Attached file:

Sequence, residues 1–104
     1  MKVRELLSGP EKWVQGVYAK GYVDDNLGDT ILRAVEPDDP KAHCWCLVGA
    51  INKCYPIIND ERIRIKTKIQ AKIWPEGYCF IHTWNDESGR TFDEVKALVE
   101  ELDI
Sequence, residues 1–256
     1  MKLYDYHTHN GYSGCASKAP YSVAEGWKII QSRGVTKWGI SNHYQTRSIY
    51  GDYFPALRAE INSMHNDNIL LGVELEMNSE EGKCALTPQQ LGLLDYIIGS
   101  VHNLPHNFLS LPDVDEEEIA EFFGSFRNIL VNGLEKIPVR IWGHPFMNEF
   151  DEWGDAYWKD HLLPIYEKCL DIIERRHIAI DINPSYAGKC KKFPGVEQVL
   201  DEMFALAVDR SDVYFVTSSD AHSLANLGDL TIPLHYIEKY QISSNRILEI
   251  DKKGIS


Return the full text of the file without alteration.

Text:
Sequence, residues 1–104
     1  MKVRELLSGP EKWVQGVYAK GYVDDNLGDT ILRAVEPDDP KAHCWCLVGA
    51  INKCYPIIND ERIRIKTKIQ AKIWPEGYCF IHTWNDESGR TFDEVKALVE
   101  ELDI
Sequence, residues 1–256
     1  MKLYDYHTHN GYSGCASKAP YSVAEGWKII QSRGVTKWGI SNHYQTRSIY
    51  GDYFPALRAE INSMHNDNIL LGVELEMNSE EGKCALTPQQ LGLLDYIIGS
   101  VHNLPHNFLS LPDVDEEEIA EFFGSFRNIL VNGLEKIPVR IWGHPFMNEF
   151  DEWGDAYWKD HLLPIYEKCL DIIERRHIAI DINPSYAGKC KKFPGVEQVL
   201  DEMFALAVDR SDVYFVTSSD AHSLANLGDL TIPLHYIEKY QISSNRILEI
   251  DKKGIS